Tom Hulme watercolour
Medicine Hat, Alberta, Canada
It certainly wasn't because he felt his painting ability to be superior. He didn't think that he was much of an artist. He referred to his painting as a hobby. Line drawing, water colours and soft pastels were his more competent areas. Painting in oil was frustrating, the resulting work too stiff. He once told Jim that he would sometimes be so dissatisfied with a piece that he would throw it on the floor and jump all over it - an image that those around him would find difficult to conjure up - and swear that he wouldn't make another painting in his entire life. That feeling wouldn't last, and before long, he would be back at his easel.
There was very little evidence in the Hulme household of the art work that Tom produced at the Medalta factory, maybe a vase or two and books of glaze recipes. This was perhaps another way to keep his job and his home life separate. After his retirement, he did do some artwork for Medalta Potteries (1966) Limited, a pottery factory in Redcliff, Alberta, and he did keep a few examples of that work which was mainly line drawings of wild life such as mountain goats, bison and elk.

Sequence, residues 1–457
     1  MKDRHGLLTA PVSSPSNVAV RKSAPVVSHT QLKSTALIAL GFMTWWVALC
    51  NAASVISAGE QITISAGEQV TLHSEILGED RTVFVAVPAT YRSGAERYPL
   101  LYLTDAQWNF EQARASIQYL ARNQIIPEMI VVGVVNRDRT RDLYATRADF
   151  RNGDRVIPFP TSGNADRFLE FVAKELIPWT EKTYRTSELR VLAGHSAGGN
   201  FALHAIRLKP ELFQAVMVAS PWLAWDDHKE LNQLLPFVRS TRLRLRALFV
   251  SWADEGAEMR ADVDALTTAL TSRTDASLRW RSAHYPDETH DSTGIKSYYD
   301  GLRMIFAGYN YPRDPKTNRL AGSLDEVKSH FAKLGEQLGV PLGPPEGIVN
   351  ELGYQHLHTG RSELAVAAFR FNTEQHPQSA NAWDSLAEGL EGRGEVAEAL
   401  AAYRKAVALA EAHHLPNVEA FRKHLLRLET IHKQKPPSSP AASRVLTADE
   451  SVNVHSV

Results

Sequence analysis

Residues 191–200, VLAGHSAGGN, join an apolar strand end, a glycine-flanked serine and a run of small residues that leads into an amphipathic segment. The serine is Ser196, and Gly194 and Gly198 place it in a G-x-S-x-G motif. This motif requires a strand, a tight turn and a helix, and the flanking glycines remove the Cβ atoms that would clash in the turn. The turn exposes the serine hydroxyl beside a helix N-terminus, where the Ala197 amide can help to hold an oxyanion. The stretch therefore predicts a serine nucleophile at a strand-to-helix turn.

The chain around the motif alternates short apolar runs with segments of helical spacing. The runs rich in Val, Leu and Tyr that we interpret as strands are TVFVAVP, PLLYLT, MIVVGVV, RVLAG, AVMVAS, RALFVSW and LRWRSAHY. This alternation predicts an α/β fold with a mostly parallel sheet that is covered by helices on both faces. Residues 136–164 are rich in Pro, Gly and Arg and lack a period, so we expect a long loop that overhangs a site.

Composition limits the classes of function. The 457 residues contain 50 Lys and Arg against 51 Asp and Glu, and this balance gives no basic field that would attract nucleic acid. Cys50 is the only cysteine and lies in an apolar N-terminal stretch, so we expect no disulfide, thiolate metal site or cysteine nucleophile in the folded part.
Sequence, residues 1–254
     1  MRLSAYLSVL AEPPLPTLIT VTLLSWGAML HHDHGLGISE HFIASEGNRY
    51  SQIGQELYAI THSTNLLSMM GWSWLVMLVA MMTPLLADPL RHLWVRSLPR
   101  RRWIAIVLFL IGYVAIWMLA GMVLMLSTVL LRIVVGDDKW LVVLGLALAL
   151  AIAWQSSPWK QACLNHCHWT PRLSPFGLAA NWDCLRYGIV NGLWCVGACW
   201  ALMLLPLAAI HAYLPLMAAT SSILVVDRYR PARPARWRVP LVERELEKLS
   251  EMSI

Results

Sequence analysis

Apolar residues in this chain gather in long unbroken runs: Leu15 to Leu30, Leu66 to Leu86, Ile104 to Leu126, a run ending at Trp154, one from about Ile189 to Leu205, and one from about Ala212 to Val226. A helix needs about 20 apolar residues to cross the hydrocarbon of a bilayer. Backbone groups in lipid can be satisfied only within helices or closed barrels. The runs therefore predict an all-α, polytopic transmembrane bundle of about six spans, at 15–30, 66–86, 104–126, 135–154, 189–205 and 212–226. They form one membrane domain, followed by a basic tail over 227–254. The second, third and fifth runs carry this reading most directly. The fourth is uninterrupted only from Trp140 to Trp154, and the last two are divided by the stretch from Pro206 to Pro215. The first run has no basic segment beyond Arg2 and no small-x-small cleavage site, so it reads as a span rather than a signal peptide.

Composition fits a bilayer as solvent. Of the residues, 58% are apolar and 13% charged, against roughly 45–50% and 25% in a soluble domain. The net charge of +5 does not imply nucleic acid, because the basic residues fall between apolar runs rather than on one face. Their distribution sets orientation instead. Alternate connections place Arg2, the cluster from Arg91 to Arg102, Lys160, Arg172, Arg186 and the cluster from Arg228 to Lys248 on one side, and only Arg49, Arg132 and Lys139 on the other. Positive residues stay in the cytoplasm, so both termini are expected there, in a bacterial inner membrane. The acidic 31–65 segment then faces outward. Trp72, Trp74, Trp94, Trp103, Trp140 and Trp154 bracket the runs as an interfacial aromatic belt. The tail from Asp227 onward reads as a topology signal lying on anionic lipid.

There was one Medalta project of which Tom was very proud and that was the hand painting that he did on the Hailie Selassie dinner ware. According to Tom, there were two sets of dishes manufactured for Selassie - the hand painted set, possibly for the royal family, and the stamped set which was for the household staff. The factory was given strict orders to destroy any defective ware on site. Given those circumstances, it was by a stroke of good fortune that a couple of imperfect stamped pieces made for the household staff found their way to the Medalta Museum collection. A hand decorated item has yet to surface.
Jim moved back to Medicine Hat with his second wife Mona and took a position as art teacher at Medicine Hat High School. He remained in contact with Tom and Ruby until their passing.
He remembers them with a great deal of fondness, Ruby for her kindness and gentleness, Tom for his high moral standards and ethics, his forthrightness and his modesty ("he knew what he knew and didn't feel the need to broadcast it, unlike people today").
In his own home, Jim has some tangible memories - a water colour painting of a winter scene with water and trees which was a wedding present, a couple of pastel paintings and a pastel portrait that Tom did of John Kennedy.